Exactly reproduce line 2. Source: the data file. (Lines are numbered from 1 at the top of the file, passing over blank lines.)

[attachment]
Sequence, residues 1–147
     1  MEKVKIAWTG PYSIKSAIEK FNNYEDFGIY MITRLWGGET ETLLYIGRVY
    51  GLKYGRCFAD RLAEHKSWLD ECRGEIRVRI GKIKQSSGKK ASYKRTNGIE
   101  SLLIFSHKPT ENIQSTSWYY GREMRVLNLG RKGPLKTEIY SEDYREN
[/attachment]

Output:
     1  MEKVKIAWTG PYSIKSAIEK FNNYEDFGIY MITRLWGGET ETLLYIGRVY